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The Centaurs (1921)

 -  Animation | Short
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Ratings: 6.2/10 from 189 users  
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A female centaur (a creature half-human and half-horse) enters a clearing in the woods, and picks some flowers. She is soon met by a male centaur, and the two then romance each other. They then seek parental consent for their union.



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Title: The Centaurs (1921)

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A female centaur (a creature half-human and half-horse) enters a clearing in the woods, and picks some flowers. She is soon met by a male centaur, and the two then romance each other. They then seek parental consent for their union.

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centaur | mythological


Animation | Short




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Far from McCay's best work.
4 July 2006 | by (Minffordd, North Wales) – See all my reviews

Winsor McCay was a newspaper cartoonist in the glorious days when cartoonists were given an entire over-sized Sunday newspaper page on which to give their artwork free rein. His full-colour comic-strip art is so remarkable that McCay's original newspaper pages (if you can find them) command high prices at modern art auctions. McCay eventually branched out into film animation, claiming to be the first artist to create moving drawings ... a claim that would come as a surprise to Émile Cohl and J. Stuart Blackton, both of whom preceded him.

Although McCay was a prolific print artist, he made very few animated films. This was largely because McCay drew all the frames himself, without the help of 'in-betweeners'. For McCay's earliest cartoons (including the legendary 'Gertie the Dinosaur'), he drew the background and characters in each frame as a single drawing on paper: a time-consuming technique which required McCay to re-draw the entire background in each frame, even when it remained unchanged. By the time he began 'The Centaurs', McCay was using acetate cels to avoid this necessity.

Like some other McCay animations, 'The Centaurs' was a project that he never finished: the existing footage is almost certainly all that was ever completed. There is no plot here: McCay depicts a youthful adult pair of centaurs chaperoned by an older pair of centaurs, apparently the young she-centaur's parents. The relationship between the young couple is unclear: they appear to be courting, yet we also encounter a pesky boy-centaur who is apparently their child. Or is this brat the she-centaur's kid brother?

These centaurs gambol in an idyllic forest background which McCay draws very realistically. That's actually a drawback, no pun intended: I think that this footage would have looked far more interesting -- and McCay certainly could have completed it much faster -- if the centaur drawings on acetate cels had been superimposed against photographs of actual forest scenery.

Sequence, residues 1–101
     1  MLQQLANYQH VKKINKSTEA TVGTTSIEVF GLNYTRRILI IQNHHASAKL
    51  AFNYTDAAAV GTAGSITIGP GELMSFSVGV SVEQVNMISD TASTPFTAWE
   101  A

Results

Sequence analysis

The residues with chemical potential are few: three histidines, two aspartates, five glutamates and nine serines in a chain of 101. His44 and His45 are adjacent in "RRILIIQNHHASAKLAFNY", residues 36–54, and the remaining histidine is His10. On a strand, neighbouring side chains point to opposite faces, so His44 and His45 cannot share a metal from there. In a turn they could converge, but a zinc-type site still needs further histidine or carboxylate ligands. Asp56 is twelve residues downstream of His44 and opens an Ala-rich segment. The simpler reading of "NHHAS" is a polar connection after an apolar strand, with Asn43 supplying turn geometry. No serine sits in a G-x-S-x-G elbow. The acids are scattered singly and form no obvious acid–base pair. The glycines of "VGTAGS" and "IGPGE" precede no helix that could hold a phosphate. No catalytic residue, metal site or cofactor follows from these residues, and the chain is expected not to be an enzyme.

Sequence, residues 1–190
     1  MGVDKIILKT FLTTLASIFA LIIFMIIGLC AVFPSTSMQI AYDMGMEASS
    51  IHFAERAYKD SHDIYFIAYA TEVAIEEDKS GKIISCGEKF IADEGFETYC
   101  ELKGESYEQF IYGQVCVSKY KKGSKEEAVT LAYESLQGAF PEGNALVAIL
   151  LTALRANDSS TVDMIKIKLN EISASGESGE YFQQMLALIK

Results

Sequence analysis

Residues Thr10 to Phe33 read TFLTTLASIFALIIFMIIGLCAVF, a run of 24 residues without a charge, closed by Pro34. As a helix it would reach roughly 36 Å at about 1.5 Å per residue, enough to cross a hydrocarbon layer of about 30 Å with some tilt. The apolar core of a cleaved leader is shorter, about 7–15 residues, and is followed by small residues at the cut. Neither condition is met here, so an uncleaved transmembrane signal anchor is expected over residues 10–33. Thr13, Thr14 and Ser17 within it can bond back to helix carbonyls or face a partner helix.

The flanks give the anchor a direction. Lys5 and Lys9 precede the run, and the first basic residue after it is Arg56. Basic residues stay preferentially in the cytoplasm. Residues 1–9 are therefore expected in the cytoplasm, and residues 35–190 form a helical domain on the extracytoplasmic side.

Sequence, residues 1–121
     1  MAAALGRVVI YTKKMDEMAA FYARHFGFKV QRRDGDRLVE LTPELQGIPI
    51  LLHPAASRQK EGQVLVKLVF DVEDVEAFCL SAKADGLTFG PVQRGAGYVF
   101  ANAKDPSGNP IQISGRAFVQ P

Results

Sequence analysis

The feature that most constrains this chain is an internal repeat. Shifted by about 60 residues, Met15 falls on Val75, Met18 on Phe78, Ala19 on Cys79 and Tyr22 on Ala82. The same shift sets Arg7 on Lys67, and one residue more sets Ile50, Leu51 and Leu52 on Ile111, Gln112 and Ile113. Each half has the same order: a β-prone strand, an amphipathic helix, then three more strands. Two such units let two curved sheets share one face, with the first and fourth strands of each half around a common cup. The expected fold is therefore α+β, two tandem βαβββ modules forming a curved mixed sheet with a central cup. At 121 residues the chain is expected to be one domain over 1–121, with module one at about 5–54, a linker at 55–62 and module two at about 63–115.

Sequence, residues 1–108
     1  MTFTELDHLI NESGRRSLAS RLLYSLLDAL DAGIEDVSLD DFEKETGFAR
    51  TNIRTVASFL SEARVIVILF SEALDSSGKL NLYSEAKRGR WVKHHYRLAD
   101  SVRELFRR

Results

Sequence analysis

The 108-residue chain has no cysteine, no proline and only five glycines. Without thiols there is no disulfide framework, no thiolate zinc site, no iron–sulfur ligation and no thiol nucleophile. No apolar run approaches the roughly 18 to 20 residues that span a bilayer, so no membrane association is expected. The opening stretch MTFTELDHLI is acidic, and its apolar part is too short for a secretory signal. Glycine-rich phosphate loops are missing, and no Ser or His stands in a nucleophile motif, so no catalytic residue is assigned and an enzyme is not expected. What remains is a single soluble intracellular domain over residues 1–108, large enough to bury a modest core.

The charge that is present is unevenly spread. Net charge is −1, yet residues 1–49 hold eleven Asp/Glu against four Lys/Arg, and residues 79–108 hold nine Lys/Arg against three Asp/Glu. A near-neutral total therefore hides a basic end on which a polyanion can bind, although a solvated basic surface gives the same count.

I am deeply impressed with much of McCay's work, but 'The Centaurs' -- such as it is -- is hardly McCay at his best. We get none of those breathtaking perspectives which McCay used elsewhere. The animation of the centaur figures is not convincing: their equine portions don't move like real horses, and their human portions move only slightly more realistically. It's a shame that McCay didn't have access to a rotoscope. Admittedly, centaurs are very implausible creatures anyway: a horse reaches maturity much sooner than a human, so the lower end of the boy-centaur should be an adult already.

'The Centaurs' was a strange project for McCay to have undertaken. Centaurs are lusty, sensual creatures, yet McCay has chosen to bowdlerise his figures. The she-centaur's breasts are only briefly suggested, and have no nipples. The males have no nipples either, and the crop of the he-centaur is not seen. If McCay was too much of a prude to give his centaurs sexual characteristics (or if he was drawing for an audience who felt that way), then why did he choose this particular theme?

The older she-centaur (the sour-faced chaperone) wears pince-nez spectacles, leaving us to wonder if centaurs have access to opticians. At one point, the virile centaur shies a stone at a bird, bringing a bit of male violence to this idyl. Perhaps 'The Centaurs' might have been more impressive if McCay had completed it, but I doubt that this is the case. All of McCay's animation is impressive, but 'The Centaurs' is not the best introduction to his work. I'll rate this only 5 out of 10.

Sadly, almost none of McCay's original artwork survives. In 1982, I interviewed American comic-book artist Leonard B Cole, who worked alongside artist Robert McCay (Winsor's son) in the 1940s. Cole told me that McCay once brought a large quantity of his father's artwork to the studio where they worked, and offered to give it away to any artist who would take it. There were no takers, so McCay simply threw out the lot! (Cole, needless to say, long since regretted his refusal of the offer.) Today, those illustration boards would be priceless. Got a time machine handy?

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